The website www.ironhorsehouse.co.uk, promoted software add-ons for a train simulator game. The price for each product was listed as a particular amount "+ VAT".
The complainant challenged whether the price claims were misleading, because they were exclusive of VAT.
Iron Horse House (IHH) stated that they were not a UK registered company and that the point of sale was in California. They therefore did not consider that the claims made on their website were within the ASA's remit.
In addition, they asserted that it was impossible for the website to be misleading as every price claim was immediately qualified with text stating that VAT applied to the price. They said that text was clearly displayed and given equal prominence to the quoted prices. In addition, they stated that approximately 30% of their sales were made to customers who did not pay VAT, and therefore if the price claim was inclusive of VAT then those consumers would be misled.
The ASA acknowledged Iron Horse House's belief that their website was not within the ASA's remit as they were not a UK based company. We noted, however, that the website's URL had the top-level domain ".uk", that all the prices were given in sterling, and that the e-mail addresses provided to enable consumers to contact IHH all ended ".co.uk". We therefore considered that the website originated in the UK and fell within the ASA's remit.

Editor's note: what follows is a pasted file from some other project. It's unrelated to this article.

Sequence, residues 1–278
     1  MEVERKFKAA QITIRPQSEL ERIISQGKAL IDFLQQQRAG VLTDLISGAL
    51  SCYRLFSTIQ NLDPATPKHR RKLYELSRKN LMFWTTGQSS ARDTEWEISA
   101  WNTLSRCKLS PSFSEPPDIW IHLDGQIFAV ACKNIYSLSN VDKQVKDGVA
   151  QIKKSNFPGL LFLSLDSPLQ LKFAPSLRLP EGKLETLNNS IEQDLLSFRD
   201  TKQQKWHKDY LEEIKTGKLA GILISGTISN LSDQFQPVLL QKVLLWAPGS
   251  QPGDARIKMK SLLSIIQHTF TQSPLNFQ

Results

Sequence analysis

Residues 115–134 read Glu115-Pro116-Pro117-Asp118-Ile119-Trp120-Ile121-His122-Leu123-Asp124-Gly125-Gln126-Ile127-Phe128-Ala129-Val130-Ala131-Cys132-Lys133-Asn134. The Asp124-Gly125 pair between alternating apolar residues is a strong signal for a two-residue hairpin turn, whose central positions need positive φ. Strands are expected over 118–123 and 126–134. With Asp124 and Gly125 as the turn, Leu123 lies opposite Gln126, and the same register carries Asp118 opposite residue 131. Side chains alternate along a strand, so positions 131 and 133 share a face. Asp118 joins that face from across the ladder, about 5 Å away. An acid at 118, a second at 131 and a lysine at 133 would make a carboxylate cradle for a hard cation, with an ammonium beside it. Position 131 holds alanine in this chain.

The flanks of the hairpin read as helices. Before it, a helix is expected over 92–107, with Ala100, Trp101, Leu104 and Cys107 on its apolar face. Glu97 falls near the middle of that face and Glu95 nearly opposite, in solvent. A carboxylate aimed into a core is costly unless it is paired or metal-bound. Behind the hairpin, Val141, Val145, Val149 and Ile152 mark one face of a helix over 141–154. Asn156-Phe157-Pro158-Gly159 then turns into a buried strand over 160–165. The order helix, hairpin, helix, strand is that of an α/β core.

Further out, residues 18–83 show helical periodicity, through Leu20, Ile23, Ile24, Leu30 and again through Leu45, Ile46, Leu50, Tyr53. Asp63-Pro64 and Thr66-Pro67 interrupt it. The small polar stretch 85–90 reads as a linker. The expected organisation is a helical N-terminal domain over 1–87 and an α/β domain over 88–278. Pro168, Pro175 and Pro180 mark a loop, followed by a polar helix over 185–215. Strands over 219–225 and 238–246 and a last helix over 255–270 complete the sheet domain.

We noted that the CAP Code made clear that VAT exclusive prices could be given only if all customers to whom the price claim was addressed paid no VAT or could recover the cost of VAT. We understood that all the price claims on the site were quoted exclusive of VAT but that approximately 70% of the site's customers paid VAT on their purchases. We therefore considered that the price claims were not clearly addressed to consumers who did not have to pay VAT and that the site should have displayed VAT-inclusive prices with at least equal prominence to the stated prices.
Because VAT was not included in the stated prices, and because the majority of Iron Horse House's customers would have to pay VAT, we concluded that the price claims were misleading.
The claims breached CAP Code (Edition 12) rules
Marketing communications must not materially mislead or be likely to do so.
Marketing communications must not mislead the consumer by omitting material information. They must not mislead by hiding material information or presenting it in an unclear, unintelligible, ambiguous or untimely manner.
Material information is information that the consumer needs to make informed decisions in relation to a product. Whether the omission or presentation of material information is likely to mislead the consumer depends on the context, the medium and, if the medium of the marketing communication is constrained by time or space, the measures that the marketer takes to make that information available to the consumer by other means. (Misleading advertising) and 3.18 3.18 Quoted prices must include non-optional taxes, duties, fees and charges that apply to all or most buyers. However, VAT-exclusive prices may be given if all those to whom the price claim is clearly addressed pay no VAT or can recover VAT. Such VAT-exclusive prices must be accompanied by a prominent statement of the amount or rate of VAT payable. (Prices).
The claims must not appear again in their current form. We told Iron Horse House to ensure that, unless their price claims were clearly addressed to consumers who paid no VAT or could recover VAT, they displayed VAT-inclusive prices.